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It will never be perfect, but it is often good enough

Dust BunnySome years ago a psychoanalyst friend introduced me to the work of the well-known pediatrician D. W. Winnicott, who wrote, among other things, about the concept of the “good-enough mother” who was better for all practical and spiritual purposes than the elusively ideal “perfect mother.”  The former was who she was, loved her kids but didn’t always get it right, and somehow made it through with them to their adulthoods with everyone doing the best they could at the time.  The latter strived for a higher level of exactness and correctness, but often lost the war in the service of battle after battle.  In her constant efforts to do a flawless job she did, overall, a terrible job.  The perfect (to quote an old cliché) was the enemy of the good.

This applies to our writing and then some.  It will never be perfect (whatever that is), and our efforts to perfect our writing often lead to self-criticism, doubt of perfectly good passages, and a questioning of the whole enterprise when we as authors grow sick of it, even though it will be fresh to readers.  A common feeling among authors pulling their newly published books from their boxes for the first time is “I still want to change it.”  How much better the good-enough model where we do what we can, edit appropriately, and then blessedly let it go.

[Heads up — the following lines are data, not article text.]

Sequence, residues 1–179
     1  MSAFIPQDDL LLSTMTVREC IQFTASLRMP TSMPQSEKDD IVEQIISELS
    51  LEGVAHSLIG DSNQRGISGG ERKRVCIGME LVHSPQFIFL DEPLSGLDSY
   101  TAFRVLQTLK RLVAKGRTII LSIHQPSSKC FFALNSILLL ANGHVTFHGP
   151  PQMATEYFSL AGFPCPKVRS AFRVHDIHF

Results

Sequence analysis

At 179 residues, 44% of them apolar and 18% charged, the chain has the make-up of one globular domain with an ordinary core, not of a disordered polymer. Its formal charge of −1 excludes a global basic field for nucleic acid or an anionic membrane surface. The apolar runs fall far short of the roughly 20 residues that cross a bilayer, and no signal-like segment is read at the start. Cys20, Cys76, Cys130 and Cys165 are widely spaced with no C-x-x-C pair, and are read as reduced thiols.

To illustrate this I offer something related yet somewhat different, Christoph Niemann’s cute blog in today’s New York Times about dust bunnies and other enemies of perfectly kept houses.  I’m sure it will be blogged about everywhere, it’s that spot-on and that comforting to those of us who will never, even on our best days, be absolutely perfect, and who also think that’s fine because it makes us more relatable.

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